Tony, your explanation of the way a fuse worked helps my understanding enormously. GAC, the development of fuzes is featured strongly in the section of the book I'm currently reading. What fascinated me is how a fuze that was satisfactory when tested by Woolwich proved disastrous when put into the field. The No 100 was a case in point, being rapidly superseded. Even so, it wasn't until the 106 you mention that the things became really reliable.

Keith

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All forms of gunpowder are mixtures not compounds and physical factors such as the degree to which they are compressed can effect the rate at which they burn. Because of this I can see that air pressure (rather than the amount of oxygen in the air as the powder effectively supplies its own oxygen) could be an important factor. Similarly the centripetal force generated by rapid rotation could also affect the physical properties of the powder in the fuse.

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I was particularly confused over the rotational effects because, until I read TonyE's post, I did not know that the timing element was a powder-filled spiral whose effective length could be varied. It would seem likely that the flame-front moving to an edge as the result of centripetal forces could cause serious disruption to the overall rate of burning. It would also seem likely that the powder in the spiral would have to be poured in rather than being a pressed, solid mass so there would be a greater chance for the components to separate.

Keith

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Typically in a UK igniferous time fuze in 1914 the special quality gunpowder was actually in a ring not a spiral, this channel had a U shaped cross section and I think it was filled by pressing powder into the U. A lower ring led to the powder channel connected to the exploder.

Fuze setting was not ToF (UK didn't adopt this until well into WW2), it was an arbitrary scale, with setting lengths given for each tabulated range in the Range Table.

With surface to surface fire the observer could determine the corrector by ranging, basically this was a correction for non-standard conditions. Obviously finding the corrector for AA fire was next to impossible.

At some point Fuze Indicators started to appear, these had the range/fuze length relationship for the type of gun (and charge), and offsets for the corrector setting as well as corrections for MV. Remember that the usual UK procedure was to order the range to the gun, not the elevation angle, so each gun had its own fuze indicator to provide its fuze setting. By WW2 these were usually called 'Fuze Bar Indicator' (FBI) because of their shape, in pictures you usually see them secured in brackets across the top of the shield.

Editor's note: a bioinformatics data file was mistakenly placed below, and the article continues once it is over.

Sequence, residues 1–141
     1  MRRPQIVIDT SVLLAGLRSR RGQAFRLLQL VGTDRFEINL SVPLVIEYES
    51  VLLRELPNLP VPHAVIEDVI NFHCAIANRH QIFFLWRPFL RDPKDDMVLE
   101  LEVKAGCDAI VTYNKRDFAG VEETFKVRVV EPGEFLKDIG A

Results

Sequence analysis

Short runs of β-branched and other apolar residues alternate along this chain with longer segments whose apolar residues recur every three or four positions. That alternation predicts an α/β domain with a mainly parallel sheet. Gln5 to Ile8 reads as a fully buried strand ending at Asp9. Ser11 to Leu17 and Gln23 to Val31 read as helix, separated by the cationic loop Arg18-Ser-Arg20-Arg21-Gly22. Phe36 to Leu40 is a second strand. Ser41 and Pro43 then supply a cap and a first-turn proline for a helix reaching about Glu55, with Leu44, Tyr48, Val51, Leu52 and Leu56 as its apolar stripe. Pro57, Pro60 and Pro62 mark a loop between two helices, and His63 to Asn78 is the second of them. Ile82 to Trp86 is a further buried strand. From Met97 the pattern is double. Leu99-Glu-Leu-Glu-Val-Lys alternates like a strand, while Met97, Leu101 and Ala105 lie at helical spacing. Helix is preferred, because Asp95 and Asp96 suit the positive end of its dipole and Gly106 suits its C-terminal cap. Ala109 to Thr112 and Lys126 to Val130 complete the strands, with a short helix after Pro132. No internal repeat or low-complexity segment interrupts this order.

The UK shells at the start of WW1 were 1.5 or 2 crh (tangent type crh, secant type was adopted in the 1930s). The improved ballistic shape had a signicant effect on range (there are numbers for 18-pr on my web site's ammo page).

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In the notes my Grandfather made about the duties of the detachment, he says that the No 2 uses the "fuze dial" and that he adjusts the scale up and down. I suspect this may have been what you called a fuze indicator. In case it makes things clearer, the duties he listed for the 11 men are:

At the order “Action” the numbers will take up their positions & work as follows:-

1 on the ground in a convenient position to command and supervise his Detachment & where he can see the signals of the Battery Commander. He orders “Go On” (commence firing) & “Stop”. He passes all orders & acknowledges same by saluting. He is responsible that his layers are on the target ordered & not in some other aeroplane.

2 places himself on the right of the gun at the fuze dial. He adjusts the vertical scale “Up” & “Down”. He should occasionally glance at the order board to check his fuze.

3 places himself on the left of the gun at the elevating wheel. He lays for elevation (usually by means of the telescope) & reports “On Target”.